[Text] Endometriosis Awareness Month

Endometriosis Awareness Month is an annual happening in March. A lot of people have never heard of endometriosis, let alone have any understanding of the impact is has on every single aspect in life. This is a personal story on what it means to live with endometriosis and what the consequences are.

Read more in the (Dutch) article via Telegraaf, the Dutch Telegraph.

[Text] Safety and the Cheider

Telegraaf talks about the case of alleged sexual abuse at the Cheider, the lack of safety and the book Exodus from the lighthouse, Exodus uit de vuurtoren.

Read more in the (Dutch) article via Telegraaf.

There was also a panel in which Dina-Perla talked about the long-term result of an unsafe upbringing.

Read more in the (Dutch) article via Telegraaf.

[Text] Fertility and endometriosis

Endo what? When the endometrium – mucous membrane – that is in the uterine cavity, extends outside the uterus, we speak of endometriosis, from first to fourth degree – depending on how severe it is. This causes complications: for example, if endometriosis starts to stick to the intestines, intestinal problems and pain with defecation can arise. Or when endometriosis sticks to the ovaries, fertility problems can occur.

Read more in the (Dutch) article via Women’s Health.

[Text] Most inspiring people of the year

Dina-Perla was named as one of the most inspiring people of the year by Fonk magazine. Why? Dina-Perla is a go-getter who knows what she wants. Her motto is: if you put your mind to it you can accomplish anything. She does not give up until she makes it happen. She is a role model who will bring much more to the world. At the same time, Dina-Perla was also nominated for the Joke Smit Award. She won the VIVA 400 Good Award in 2012 and was nominated for the Engaging Woman Of The Year and the Communications Professional Of The Year in the past.

Read more in the (Dutch) article via Fonk magazine.

[Video & text] Let’s talk freedom

Dina-Perla Portnaar grows up in Jewish orthodoxy and a reality in which nothing is what it seems. As a young girl, she fights for freedom and love, flees her parental home and decides never to return. Exodus from the Lighthouse, Exodus uit de vuurtoren covers Dina-Perla’s life lessons from that eventful period. In the Netherlands, such an entourage behind closed doors, including her time at the orthodox school the Cheider, has not yet been described from the inside as it is now.

Read more in the (Dutch) article via Nieuw Wij. Nieuw Wij also covered on Exodus via KRO-NCRV and Vrijdenkers via HUMAN. See also for example Boeddistisch Dagblad.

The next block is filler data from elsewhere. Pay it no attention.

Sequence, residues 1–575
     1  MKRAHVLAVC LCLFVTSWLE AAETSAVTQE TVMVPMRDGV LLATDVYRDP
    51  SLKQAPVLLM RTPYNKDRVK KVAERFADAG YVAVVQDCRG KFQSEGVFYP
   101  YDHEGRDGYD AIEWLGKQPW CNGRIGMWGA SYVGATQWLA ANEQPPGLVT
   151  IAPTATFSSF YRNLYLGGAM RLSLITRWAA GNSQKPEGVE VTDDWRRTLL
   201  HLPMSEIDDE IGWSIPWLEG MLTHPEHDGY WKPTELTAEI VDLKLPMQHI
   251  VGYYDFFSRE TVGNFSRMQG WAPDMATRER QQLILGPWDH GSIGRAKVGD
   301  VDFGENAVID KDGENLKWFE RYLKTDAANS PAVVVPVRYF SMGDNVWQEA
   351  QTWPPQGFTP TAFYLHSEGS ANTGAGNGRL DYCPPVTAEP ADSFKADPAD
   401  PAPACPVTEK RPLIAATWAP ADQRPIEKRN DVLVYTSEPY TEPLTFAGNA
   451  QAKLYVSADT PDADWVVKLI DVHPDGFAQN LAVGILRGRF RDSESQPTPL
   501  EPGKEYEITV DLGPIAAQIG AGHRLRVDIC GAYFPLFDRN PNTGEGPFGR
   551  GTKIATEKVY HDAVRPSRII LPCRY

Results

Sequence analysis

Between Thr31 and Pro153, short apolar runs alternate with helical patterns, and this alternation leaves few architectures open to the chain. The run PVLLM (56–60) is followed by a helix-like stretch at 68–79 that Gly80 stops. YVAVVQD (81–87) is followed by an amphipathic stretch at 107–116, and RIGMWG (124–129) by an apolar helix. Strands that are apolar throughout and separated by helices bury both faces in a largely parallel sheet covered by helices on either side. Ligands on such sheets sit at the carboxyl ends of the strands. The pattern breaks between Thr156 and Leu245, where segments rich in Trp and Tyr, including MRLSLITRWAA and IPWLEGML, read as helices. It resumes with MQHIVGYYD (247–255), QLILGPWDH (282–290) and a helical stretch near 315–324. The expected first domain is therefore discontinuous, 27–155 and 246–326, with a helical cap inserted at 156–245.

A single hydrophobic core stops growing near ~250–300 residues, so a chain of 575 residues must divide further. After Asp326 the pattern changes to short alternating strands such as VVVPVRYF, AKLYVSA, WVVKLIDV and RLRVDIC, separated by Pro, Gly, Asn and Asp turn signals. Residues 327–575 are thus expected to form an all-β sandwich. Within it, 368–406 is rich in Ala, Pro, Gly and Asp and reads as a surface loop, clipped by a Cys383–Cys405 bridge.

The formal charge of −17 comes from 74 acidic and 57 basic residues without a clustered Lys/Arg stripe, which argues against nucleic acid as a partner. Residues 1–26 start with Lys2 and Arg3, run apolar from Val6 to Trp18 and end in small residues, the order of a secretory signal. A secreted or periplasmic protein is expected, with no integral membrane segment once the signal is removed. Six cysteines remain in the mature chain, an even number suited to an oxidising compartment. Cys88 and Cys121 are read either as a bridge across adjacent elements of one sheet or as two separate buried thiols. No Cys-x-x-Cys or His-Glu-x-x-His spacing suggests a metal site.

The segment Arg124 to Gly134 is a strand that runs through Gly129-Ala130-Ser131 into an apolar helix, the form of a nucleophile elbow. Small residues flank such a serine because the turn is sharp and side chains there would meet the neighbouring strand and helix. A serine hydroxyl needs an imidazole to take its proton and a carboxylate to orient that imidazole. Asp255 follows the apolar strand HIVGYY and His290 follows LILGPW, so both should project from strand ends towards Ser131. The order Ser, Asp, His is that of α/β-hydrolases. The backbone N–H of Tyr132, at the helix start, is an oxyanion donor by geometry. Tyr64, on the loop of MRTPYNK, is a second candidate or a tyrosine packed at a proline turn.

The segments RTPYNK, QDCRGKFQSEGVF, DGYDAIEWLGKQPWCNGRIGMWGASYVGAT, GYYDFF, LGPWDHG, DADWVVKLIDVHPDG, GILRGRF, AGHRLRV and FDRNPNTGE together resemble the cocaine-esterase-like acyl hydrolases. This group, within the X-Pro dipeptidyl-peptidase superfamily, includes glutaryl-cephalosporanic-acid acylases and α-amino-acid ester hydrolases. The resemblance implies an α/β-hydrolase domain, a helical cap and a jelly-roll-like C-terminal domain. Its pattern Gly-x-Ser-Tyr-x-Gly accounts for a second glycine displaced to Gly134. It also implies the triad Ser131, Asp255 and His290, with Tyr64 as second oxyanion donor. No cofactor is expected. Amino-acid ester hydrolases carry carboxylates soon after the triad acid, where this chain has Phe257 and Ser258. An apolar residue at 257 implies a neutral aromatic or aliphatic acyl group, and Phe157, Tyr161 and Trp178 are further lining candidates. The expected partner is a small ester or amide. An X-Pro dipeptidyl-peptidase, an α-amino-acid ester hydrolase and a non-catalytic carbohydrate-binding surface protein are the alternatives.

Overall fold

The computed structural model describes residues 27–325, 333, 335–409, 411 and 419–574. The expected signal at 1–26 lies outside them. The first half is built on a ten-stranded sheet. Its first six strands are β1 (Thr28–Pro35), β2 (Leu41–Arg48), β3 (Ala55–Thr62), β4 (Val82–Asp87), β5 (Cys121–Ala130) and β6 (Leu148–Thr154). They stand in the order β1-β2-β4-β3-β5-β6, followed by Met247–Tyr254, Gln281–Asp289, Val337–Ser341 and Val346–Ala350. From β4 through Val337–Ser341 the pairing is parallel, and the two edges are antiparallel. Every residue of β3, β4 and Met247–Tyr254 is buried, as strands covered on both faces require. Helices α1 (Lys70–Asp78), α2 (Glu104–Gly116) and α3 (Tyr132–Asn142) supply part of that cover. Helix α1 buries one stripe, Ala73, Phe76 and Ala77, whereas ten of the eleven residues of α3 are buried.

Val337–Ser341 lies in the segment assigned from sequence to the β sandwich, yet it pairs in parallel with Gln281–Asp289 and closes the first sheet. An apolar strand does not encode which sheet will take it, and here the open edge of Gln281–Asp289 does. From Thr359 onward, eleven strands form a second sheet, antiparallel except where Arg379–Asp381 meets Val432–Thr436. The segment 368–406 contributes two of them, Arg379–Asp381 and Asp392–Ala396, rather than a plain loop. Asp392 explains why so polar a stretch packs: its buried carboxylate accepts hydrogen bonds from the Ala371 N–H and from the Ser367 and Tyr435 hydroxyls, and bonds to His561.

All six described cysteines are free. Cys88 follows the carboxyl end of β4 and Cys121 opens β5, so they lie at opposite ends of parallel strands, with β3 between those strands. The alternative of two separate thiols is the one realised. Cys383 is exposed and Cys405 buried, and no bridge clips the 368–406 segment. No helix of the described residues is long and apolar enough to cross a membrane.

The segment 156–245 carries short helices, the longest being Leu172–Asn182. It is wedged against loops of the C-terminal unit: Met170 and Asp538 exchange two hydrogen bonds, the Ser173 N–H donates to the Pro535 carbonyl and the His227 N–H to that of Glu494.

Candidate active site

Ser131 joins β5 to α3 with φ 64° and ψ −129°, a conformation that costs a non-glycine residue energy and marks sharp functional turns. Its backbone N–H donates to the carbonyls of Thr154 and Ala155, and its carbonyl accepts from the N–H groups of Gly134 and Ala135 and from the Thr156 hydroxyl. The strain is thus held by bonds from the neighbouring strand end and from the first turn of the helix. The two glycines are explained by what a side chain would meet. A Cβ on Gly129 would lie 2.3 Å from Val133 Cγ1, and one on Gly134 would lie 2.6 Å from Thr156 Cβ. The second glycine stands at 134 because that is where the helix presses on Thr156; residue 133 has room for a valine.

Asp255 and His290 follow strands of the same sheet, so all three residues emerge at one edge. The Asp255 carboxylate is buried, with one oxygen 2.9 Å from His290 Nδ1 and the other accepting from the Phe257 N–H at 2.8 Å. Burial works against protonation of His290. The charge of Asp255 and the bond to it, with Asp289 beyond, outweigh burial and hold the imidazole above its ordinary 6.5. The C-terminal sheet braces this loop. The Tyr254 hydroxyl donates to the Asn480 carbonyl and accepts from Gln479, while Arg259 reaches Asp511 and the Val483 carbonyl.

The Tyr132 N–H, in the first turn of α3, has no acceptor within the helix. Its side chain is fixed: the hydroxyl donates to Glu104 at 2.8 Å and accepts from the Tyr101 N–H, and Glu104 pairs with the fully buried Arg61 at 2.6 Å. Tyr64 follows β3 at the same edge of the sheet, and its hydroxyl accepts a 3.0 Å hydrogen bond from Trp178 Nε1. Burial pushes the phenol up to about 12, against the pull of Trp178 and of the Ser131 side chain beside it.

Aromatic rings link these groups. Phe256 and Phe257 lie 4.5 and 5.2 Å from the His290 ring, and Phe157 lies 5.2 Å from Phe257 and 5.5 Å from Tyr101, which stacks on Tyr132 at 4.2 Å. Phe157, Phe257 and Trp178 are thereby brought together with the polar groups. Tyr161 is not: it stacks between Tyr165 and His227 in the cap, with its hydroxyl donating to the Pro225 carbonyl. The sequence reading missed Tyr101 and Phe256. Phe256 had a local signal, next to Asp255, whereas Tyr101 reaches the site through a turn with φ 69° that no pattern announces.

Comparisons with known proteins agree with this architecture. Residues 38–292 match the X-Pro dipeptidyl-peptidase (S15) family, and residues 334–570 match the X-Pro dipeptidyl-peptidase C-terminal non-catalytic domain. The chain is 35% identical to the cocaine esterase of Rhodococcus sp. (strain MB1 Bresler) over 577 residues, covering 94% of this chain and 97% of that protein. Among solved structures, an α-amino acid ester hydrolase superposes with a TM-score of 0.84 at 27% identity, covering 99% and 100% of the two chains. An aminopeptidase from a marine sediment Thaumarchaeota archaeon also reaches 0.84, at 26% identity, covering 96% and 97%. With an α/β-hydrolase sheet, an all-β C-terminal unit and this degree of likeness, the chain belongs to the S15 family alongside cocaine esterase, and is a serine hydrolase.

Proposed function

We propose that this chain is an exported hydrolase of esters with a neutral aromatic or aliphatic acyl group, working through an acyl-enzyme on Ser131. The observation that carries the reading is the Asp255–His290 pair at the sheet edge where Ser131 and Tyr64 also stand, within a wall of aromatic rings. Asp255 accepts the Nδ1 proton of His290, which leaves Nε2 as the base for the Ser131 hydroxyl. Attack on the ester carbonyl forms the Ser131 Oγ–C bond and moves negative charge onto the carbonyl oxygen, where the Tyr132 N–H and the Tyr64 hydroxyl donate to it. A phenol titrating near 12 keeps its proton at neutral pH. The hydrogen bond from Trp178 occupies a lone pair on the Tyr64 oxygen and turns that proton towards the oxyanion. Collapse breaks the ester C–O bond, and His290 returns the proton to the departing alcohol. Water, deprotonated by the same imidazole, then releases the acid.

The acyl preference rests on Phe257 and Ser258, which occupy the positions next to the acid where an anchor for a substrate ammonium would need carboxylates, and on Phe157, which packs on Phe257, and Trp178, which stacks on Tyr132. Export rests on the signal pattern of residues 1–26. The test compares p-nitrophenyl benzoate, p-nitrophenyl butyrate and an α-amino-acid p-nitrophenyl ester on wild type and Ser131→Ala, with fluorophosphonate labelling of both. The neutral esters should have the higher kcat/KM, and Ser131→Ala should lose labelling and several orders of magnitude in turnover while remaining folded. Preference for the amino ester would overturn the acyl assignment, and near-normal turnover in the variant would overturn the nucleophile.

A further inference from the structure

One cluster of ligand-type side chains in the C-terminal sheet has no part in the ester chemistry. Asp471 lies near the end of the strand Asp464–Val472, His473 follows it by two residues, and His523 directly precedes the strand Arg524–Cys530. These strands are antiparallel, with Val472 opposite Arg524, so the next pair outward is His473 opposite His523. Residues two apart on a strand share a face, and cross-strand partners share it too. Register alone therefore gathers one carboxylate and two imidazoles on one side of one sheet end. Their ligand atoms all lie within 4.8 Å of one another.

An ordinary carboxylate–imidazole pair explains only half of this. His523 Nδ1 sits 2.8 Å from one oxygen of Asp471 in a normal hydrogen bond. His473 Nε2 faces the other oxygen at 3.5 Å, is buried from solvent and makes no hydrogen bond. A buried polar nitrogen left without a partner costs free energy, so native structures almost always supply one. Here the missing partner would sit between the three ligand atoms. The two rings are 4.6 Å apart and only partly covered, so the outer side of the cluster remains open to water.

[Text] Lobby around endometriosis

Gerlise Teseling and Dina-Perla Portnaar lobbied for more attention for endometriosis in order to support women and people involved, for connection with society. A petition was signed by a lot of people and presented to the ministers. There were many roundtable discussions with politicians and stakeholders, including Endometriose in balans. The matter still needs much more attention, support and mostly, sustaining solutions. We are allowed to conclude: endometriosis is a b*tch.

Read more in the (Dutch) petition. It was also covered by Europa Nu – Europe Now and De Nederlandse grondwet – The Dutch Constitution.

[Text] Growth and forgiveness

Author Dina-Perla Portnaar fled domestic violence and now shares her life lessons about injustice, growth and forgiveness. Read more in the (Dutch) article via Zuid, cover and body.

[Text] Confrontation with violence

Dina-Perla Portnaar was confronted with violence at an early age. At home, she was abused. At school, she did not get the support she hoped for. She decided to write about it. De Kanttekening spoke with her.

Read more in the (Dutch) article via De Kanttekening.

[Text] Speaking about Unorthodox and One of Us is hopeful

As said previously: transparancy is the hardest thing there is, if only because we cannot be transparent and sweep things under the rug. This applies to any situation, especially within closed-up communities. So let me stick to transparency and grace in my response to the recently published interview with Rabbi Yanki Jacobs by Chantal Suissa. This conversation is about the successful Netflix series called Unorthodox, in which the Jewish Orthodox Satmar community comes into the picture.

Chabad

Similar to Yanki Jacobs, I am not from the Satmar community, but I know it from up close. I grew up in a family in which various Jewish movements were mixed together, with the Hasidic movement Chabad as main one, as is the case with Yanki Jacobs. In fact, Yanki Jacobs’ mother went to the same Jewish Orthodox school for girls that my mother went to and I was later taught by his mother at the only Jewish Orthodox school that we have in the Netherlands, namely the Cheider.